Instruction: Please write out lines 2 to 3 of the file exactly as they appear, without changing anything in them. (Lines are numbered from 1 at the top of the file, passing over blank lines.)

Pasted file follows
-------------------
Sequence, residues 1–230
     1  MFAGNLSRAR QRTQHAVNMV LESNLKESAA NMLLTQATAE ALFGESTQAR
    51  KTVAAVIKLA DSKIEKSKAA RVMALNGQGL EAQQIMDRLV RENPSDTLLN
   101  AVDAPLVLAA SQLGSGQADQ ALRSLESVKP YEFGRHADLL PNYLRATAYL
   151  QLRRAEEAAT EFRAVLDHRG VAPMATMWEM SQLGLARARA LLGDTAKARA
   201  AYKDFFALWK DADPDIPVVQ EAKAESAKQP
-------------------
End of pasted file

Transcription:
     1  MFAGNLSRAR QRTQHAVNMV LESNLKESAA NMLLTQATAE ALFGESTQAR
    51  KTVAAVIKLA DSKIEKSKAA RVMALNGQGL EAQQIMDRLV RENPSDTLLN